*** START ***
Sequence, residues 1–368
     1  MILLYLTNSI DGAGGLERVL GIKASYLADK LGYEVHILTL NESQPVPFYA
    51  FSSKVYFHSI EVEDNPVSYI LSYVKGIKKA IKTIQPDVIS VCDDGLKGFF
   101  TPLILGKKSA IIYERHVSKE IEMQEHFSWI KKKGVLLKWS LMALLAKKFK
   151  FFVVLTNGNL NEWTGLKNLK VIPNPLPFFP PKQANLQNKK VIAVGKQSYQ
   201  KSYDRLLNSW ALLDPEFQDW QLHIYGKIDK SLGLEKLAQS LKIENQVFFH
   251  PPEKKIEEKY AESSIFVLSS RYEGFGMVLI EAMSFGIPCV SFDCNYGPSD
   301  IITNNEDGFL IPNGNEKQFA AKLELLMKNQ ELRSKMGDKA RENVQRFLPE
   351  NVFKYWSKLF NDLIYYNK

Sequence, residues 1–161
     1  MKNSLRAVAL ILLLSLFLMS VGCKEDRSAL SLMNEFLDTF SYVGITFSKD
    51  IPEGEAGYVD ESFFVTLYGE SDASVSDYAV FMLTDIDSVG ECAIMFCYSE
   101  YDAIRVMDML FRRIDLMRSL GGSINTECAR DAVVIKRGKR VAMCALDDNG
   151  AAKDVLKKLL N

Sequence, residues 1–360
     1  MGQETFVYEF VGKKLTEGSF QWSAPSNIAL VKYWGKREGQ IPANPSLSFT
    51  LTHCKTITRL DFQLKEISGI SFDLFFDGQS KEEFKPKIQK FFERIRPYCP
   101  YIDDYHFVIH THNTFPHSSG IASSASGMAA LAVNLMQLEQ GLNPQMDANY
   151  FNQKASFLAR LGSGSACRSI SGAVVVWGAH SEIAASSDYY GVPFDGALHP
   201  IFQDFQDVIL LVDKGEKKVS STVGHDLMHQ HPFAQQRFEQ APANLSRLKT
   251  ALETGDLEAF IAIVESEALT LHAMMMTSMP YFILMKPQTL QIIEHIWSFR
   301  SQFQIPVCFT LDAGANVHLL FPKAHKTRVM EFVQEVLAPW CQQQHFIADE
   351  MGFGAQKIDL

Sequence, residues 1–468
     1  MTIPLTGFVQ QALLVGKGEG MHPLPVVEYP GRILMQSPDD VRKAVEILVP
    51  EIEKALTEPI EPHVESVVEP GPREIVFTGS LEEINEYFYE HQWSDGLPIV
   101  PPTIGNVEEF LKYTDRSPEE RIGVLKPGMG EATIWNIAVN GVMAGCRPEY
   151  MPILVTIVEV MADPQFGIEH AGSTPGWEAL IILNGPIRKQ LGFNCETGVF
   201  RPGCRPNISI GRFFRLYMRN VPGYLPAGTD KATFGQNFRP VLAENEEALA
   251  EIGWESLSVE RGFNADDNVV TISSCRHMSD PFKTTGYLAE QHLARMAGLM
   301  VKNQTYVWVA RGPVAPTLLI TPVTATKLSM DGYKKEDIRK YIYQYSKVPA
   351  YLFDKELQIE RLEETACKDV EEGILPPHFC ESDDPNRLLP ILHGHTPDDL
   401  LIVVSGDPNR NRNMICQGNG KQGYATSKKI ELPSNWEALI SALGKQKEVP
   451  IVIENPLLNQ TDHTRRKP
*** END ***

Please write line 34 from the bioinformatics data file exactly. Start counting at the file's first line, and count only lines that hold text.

   451  IVIENPLLNQ TDHTRRKP